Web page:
Monday, 25 August 2014


Scholars through the last two centuries have arrived at the conclusion that the Polynesian language group of the Pacific islands is derived from ancient Vedic Sanskrit from India.Polynesia is a subregion of Oceania, made up of over 1,000 islands scattered over the central and southern Pacific Ocean off the east coast of Australia..

Polynesia is group of 1000 islands off the coast of Australia

One of the languages within the Polynesian Group is the Maori. In her paper, 'The Relationship between Maori and Sanskrit', researcher Adele Schafer states, "In the nineteenth century a good few writers explored the relationships which exist between the languages and cultures of India and South-East Asia and those of Polynesia. Many of these writers argued that the original home of the Polynesian people was India, and many of them considered that there was a clear relationship between the Polynesian language and Sanskrit, one of the ancient languages of India."

Adele Schafer states further, "...the most important contribution to this subject was made by Edward Tregear, who in 1891 published his ‘Maori-Polynesian Comparative Dictionary’. This Maori dictionary quotes parallel words to be found in other Polynesian languages, and sometimes also quotes parallel words to be found in Asian languages such as Malayan and Sanskrit. Tregear believed that the Maori language was mainly derived from Sanskrit.... He discusses this theory in his book ‘The Aryan Maori’, published in 1885, and in an article in the ‘Transactions of the New Zealand Institute’, vol. 20, p. 400 ff".

And here is a table from the works of Treager which shows the relationship between Sanskrit and Maori:
Meaning           Maori          Sanskrit
I,                       meahau,      au aháAm (अहम्)
stone                whatu          vritra 
outside             waho           bahis (बहिस्)
woman             wahine         bhaginI (भगिनी)

monster           taniwha        danaváA (दानव)
to dig               ko                 khan (
खन् )
to look             titiro             didrikshate (दिदृक्ष्यते)
tree                  rakau            ruksha (रूक्ष)
to see              kite               cit (चेत)
to cover over  uwhi,            ubh
throat              korokoro      Kruka (कृक)
to run away     tawhiti         dhavate (

Maori is still spoken by the aborigin of new Zealand and many other inhabitants of the Polynesian Island. But a more ancient language of the Polynesian Group is represented by the Rongo Rongo tablet inscriptions was discovered in the 19th century on the Easter Islands. It is said that the Rongo Rongo was also inscribed on banana leaves but obviously no examples have survived.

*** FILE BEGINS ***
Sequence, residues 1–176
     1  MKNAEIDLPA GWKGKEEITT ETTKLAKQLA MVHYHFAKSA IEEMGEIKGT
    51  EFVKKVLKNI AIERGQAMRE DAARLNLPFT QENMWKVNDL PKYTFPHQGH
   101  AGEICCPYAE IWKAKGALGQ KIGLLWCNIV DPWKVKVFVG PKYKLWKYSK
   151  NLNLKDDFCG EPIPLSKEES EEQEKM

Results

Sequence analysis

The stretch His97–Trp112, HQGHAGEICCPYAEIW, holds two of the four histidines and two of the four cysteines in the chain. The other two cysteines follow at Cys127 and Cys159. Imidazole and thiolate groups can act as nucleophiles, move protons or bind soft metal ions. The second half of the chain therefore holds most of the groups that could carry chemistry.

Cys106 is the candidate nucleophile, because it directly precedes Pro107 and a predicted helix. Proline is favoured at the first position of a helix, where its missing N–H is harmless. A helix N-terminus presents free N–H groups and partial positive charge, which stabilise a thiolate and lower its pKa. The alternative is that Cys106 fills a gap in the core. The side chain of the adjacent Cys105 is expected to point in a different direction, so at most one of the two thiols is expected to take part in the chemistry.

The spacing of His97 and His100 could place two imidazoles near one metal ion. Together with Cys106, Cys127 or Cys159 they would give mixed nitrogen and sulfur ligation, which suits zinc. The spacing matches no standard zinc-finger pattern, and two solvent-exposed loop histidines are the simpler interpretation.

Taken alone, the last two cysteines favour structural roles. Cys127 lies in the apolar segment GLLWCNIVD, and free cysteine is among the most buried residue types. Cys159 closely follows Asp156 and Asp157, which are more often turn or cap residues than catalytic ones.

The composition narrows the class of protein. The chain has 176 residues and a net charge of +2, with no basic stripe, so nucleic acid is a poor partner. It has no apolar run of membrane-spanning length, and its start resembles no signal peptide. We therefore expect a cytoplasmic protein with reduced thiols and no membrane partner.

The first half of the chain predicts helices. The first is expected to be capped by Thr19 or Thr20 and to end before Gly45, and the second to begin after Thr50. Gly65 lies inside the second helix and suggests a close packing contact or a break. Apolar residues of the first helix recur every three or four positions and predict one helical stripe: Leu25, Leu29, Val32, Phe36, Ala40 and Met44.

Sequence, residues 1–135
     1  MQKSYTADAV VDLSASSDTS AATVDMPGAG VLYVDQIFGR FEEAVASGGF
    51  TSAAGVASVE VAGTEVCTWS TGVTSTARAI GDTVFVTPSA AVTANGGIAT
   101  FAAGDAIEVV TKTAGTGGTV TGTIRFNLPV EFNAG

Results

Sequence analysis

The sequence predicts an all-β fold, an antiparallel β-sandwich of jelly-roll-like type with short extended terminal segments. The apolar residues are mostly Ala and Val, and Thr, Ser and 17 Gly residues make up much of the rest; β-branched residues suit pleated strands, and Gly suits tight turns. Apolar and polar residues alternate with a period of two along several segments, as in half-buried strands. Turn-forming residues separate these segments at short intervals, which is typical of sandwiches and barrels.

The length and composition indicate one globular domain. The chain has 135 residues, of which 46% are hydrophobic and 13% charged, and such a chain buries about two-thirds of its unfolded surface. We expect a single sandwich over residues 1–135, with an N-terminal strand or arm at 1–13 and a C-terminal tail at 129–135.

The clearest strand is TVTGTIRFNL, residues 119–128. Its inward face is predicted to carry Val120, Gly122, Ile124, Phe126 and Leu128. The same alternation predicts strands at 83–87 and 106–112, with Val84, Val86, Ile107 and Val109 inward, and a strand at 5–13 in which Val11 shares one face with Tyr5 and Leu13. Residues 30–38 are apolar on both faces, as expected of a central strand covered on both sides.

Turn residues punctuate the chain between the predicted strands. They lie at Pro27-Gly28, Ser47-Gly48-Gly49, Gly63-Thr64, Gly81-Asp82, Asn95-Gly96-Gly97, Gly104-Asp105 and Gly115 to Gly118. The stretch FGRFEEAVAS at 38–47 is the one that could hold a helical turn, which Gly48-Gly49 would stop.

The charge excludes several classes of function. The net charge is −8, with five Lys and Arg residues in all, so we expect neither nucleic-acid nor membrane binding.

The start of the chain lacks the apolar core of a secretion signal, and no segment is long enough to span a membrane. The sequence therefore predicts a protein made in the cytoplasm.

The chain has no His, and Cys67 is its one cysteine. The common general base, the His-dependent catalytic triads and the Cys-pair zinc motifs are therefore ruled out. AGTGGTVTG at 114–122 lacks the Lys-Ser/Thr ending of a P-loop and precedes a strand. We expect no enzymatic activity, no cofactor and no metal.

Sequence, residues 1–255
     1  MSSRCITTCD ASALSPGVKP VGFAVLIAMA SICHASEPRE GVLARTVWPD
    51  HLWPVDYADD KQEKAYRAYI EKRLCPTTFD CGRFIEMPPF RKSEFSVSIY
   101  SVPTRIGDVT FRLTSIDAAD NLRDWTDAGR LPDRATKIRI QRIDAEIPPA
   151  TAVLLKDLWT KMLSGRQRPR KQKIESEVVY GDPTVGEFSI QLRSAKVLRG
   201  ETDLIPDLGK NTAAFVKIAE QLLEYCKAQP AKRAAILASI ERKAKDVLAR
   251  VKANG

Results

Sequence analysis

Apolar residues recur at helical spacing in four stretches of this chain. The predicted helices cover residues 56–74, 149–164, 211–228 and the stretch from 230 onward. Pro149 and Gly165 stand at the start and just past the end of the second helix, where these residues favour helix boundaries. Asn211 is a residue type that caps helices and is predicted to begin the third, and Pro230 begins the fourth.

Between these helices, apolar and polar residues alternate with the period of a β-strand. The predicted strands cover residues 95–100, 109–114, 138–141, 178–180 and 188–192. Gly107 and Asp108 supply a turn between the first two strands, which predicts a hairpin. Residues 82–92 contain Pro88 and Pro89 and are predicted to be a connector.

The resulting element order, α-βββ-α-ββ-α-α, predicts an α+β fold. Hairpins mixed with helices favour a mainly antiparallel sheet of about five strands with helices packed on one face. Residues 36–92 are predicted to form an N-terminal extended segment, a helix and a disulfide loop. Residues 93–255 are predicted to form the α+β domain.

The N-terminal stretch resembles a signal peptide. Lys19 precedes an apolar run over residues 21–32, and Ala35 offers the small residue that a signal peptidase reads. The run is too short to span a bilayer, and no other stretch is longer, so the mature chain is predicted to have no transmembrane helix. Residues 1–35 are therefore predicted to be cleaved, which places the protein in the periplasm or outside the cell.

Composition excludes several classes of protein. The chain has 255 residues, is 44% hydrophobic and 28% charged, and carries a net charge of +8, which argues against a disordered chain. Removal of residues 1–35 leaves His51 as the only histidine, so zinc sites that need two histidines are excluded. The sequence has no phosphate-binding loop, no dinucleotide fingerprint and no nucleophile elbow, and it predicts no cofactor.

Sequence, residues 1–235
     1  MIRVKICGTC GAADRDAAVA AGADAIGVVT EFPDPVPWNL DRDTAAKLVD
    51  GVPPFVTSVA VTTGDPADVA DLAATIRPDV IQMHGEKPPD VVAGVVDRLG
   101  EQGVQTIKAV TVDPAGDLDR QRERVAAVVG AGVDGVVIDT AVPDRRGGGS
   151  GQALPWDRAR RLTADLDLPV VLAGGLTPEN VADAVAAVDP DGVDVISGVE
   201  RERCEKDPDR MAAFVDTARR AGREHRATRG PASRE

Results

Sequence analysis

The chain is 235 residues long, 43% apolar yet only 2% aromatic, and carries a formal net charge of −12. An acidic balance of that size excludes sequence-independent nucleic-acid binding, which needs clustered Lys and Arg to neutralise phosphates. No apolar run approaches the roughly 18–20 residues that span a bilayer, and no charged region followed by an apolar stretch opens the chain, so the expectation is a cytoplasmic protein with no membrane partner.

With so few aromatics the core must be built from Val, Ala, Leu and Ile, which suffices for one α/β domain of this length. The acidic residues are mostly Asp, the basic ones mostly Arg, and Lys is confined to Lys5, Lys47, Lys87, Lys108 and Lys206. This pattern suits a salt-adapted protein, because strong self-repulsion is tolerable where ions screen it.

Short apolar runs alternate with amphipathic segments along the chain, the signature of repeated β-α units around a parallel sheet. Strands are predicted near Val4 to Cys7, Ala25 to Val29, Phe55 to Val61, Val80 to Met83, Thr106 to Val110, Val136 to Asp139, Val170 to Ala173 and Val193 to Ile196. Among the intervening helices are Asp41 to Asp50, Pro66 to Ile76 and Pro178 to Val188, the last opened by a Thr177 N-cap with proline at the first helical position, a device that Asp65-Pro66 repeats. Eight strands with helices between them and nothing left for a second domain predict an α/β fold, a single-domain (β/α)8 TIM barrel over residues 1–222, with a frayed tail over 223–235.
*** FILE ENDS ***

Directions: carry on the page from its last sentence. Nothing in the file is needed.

The Rongo Rongo inscriptions of the ancient
language of the Easter islands.

But now the interesting part. Almost half of the symbols of the Rongo Rongo script, which consists of about 120 symbols, mainly representations of birds, fish, gods, plants and a variety of geometric shapes, are virtually identical to symbols of the Indus Valley script of India. 

The characters of the ancient Rongo Rongo language
of Easter islands bear a close resemblance 
to the Indus valley script.

The land of the ancient Rongo Rongo language
of Easter islands and that of the to the Indus valley script
are physically 13000 miles apart.
Says James Nienhuis, an earth creationist, is of the view that mainstream scientists and New Agers are missing the boat by willfully misinterpreting the evidences about our ancient history. His answer to those who cannot fathom how two ancient cultures geographically apart can have anything in common - "It is clear that transoceanic navigation in ancient times brought that language 13,000 miles across the Pacific from India, as the facts bear out". Early Sanskrit texts, i.e the Vedas, Jatakas, Panini's Astadhyayi, the epics, Arthashastra etc. make innumerable references to sea-voyages, sea-borne trade, ship-building techniques and so on.

It is said that the key to deciphering the Rongo Rongo is the Indus Valley script.Though most believe that the Indus Valley script itself is undeciphered, it is also known that researcher Kurt Schildmann had done extensive work and shown that the Indus valley script can be understood with the aid of Sanskrit. Refer to earlier posts in this blog site here and here to read about the decipherment of Indus Valley script and its link to the ancient glyphs of South America. And click here to take a look at Kurt Schildmann's research 
on what he called Paleo-Sanskrit.

Kurt Schildmann's Paleo-Sanskrit Lexicon that he
used to decode ancient glyphs of South-America
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